It is said that there are five stages of grief: denial, anger, bargaining, depression and finally acceptance.
Despite what others say, my employer leaving Canada is very much a reason to be grieving, especially for those who worked here. Even though the company made a lot of mistakes when it entered the Canadian market, it was still an amazing company to work for and I will miss it dearly.
The first two days after the announcement that the company was closing, I was in so much shock that I couldn’t think. I laughed at the unfortunate timing because I simply could not comprehend the situation. I updated my resume very quickly (and very poorly, I might add) and started sending it out. I didn’t even look at the job postings properly. I just applied to anything that said Merchandising. In retrospect, it was a very poor decision to mass send out my resume without thinking about what was best for my career and my life plans.
On the second day, I went to a store because I needed to pick up some supplies. I was floored by the number of customers I saw in the parking lot, in line at the cash registers and shopping with carts full of product. I have never seen a store that busy in my life. I was livid at the customers. As I walked through the store, I could hear customers chatting amongst each other trying to find the best bargains and commenting about how great the prices were. The sad part is that everything was still at regular price. Why did Canadians wait until NOW to give Target a chance? Why wait until now? If only all of these customers had come in a few months ago, all of us employees might still have our jobs.
I spoke to the cashier and she mentioned that their actual sales had already tripled their expected sales for the day. And the silliest thought occurred to me. Maybe, we won’t close down because the stores are seeing such great sales now. Maybe, the Marketing team would say, “Psych! We are still in business. This was a big marketing scheme.” But in my heart I knew that this would never happen.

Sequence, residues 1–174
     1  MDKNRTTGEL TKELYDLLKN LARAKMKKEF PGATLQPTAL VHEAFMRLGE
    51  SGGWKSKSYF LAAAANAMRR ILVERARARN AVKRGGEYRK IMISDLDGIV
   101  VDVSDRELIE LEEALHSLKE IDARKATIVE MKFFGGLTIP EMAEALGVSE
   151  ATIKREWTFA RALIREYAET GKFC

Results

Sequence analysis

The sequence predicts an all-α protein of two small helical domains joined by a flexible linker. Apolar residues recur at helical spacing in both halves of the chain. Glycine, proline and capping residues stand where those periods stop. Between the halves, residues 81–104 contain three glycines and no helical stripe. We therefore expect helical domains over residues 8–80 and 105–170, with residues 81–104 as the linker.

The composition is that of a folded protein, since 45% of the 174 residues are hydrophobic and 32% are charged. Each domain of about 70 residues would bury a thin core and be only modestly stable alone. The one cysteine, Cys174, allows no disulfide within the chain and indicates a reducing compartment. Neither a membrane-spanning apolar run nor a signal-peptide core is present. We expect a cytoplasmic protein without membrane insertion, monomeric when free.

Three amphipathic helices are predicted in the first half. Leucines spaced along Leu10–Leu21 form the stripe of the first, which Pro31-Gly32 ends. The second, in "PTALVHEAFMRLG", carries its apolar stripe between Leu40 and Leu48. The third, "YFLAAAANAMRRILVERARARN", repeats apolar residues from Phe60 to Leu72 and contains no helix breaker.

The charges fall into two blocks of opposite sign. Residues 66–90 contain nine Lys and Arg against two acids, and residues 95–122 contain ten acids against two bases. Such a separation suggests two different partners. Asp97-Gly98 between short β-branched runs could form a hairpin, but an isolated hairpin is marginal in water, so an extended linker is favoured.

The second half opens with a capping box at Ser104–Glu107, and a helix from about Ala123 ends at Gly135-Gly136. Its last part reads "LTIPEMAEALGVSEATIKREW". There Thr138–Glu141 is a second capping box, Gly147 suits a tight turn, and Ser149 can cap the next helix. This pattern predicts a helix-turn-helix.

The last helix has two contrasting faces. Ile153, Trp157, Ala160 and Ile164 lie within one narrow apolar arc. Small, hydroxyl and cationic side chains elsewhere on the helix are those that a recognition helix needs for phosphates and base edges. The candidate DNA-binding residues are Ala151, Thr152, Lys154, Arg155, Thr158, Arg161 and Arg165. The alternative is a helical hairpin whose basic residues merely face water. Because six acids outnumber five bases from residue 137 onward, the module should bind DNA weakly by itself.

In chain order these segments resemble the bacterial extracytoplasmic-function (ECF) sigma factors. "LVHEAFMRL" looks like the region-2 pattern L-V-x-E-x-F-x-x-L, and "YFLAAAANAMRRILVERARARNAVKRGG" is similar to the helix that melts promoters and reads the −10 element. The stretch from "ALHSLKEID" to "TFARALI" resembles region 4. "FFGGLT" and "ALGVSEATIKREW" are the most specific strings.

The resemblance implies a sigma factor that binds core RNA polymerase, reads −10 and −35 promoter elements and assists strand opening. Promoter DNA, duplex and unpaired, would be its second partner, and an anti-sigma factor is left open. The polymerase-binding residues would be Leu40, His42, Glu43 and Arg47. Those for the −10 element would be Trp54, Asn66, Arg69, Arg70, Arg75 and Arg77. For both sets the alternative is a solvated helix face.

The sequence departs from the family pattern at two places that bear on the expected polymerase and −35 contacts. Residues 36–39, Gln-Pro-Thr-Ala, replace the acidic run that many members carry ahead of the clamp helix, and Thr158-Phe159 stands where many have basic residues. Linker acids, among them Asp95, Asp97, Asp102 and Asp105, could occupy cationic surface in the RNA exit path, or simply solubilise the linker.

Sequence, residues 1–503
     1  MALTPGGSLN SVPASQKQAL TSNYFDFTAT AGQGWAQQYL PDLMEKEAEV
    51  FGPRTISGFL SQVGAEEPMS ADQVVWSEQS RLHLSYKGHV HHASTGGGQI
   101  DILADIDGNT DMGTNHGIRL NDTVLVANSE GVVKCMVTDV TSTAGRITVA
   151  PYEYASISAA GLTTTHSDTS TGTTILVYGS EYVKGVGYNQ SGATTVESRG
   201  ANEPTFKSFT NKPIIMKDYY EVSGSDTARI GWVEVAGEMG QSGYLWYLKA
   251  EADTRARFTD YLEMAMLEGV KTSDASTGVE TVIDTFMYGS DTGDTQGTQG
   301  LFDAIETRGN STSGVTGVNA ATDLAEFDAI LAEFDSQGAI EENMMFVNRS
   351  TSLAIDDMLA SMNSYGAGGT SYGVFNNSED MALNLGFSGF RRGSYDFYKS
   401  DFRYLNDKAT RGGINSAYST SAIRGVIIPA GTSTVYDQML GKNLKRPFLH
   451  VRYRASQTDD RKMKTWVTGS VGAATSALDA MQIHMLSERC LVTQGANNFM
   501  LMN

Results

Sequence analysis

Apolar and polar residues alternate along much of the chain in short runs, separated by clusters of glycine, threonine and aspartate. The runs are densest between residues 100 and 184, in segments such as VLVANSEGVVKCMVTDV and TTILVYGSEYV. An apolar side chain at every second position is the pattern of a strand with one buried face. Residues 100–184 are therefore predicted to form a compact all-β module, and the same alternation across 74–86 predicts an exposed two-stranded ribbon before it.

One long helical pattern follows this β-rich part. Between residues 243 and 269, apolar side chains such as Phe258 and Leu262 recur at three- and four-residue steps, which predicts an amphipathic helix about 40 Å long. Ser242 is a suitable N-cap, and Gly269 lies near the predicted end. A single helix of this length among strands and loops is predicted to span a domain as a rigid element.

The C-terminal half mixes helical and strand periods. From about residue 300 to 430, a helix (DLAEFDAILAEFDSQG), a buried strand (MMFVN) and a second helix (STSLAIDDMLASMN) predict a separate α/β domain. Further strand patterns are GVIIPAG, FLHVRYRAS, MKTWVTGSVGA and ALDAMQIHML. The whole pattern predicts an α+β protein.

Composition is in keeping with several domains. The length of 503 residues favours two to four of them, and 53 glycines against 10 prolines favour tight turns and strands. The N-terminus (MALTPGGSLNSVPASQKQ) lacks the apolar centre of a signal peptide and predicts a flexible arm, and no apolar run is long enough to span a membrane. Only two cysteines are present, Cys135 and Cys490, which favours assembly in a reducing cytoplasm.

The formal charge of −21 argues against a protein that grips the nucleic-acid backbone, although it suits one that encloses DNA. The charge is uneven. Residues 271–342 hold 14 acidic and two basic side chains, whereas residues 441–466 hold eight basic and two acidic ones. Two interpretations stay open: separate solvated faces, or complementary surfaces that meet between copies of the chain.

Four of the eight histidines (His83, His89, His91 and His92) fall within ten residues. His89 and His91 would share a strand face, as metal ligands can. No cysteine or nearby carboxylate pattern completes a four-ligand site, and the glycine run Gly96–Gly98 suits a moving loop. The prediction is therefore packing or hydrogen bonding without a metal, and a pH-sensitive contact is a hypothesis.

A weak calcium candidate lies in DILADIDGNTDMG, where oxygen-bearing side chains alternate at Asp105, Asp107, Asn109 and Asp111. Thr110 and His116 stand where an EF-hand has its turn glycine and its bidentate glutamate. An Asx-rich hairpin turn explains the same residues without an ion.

As the information settled in my mind, I got mad again because the Board of Directors MUST have known that the sales would spike following the news of the company leaving Canada. With the increased sales, we were surely going to hit our sales targets for the 2014 Fiscal year and the CEO would look absolutely fantastic to the shareholders. Especially since our parent company just announced that it would be giving out dividends to its shareholders. Add to the fact that the liquidators would not be getting the inventory until the beginning of Fiscal 2015, meant to me that the parent company would be taking all of the sales. The timing just worked out too perfectly. The parent company didn’t even have to pay us our bonuses for hitting the sales targets which was another cost saving initiative for them. And the fact that the severance is paid out over time means that it won’t be hitting 2014’s fiscal numbers which again makes the numbers look great. Sure, there are probably other factors that were considered by the Executive team and I am probably completely wrong about some of my conclusions but these were just the angry thoughts of a recently laid off employee.
My last day at work was the saddest day. A group of us had a last meal together before we went back to the office. I signed all my paper work, gave back my badge and laptop and just like that, I was no longer an employee.
With time, I have come to acknowledge and accept that this is probably one of the best things to ever happen to me as it is forcing me to think about what I want in life and giving me the freedom to do anything that I want.
But I will still miss the people. I worked with an amazing group of individuals who made each and every day enjoyable and worth coming in for. I will miss the culture of teamwork, collaboration and positive intent. There are so few places were people treat each other with respect and kindness all the time and I’m not looking forward to being at another company with mean politics. I will miss the focus on personal and career development. My managers and I talked about this every week and sometimes everyday. No other company that I have ever worked for has cared this much about helping to train and improve its employees.
As a customer, people may not have understood the company or the leaders’ decisions. But for those of us in the company, we know how hard we worked to make the company a success (often staying until midnight and coming in on weekends) and how amazing the company could have been if only we had more time.
I will miss working for this great company.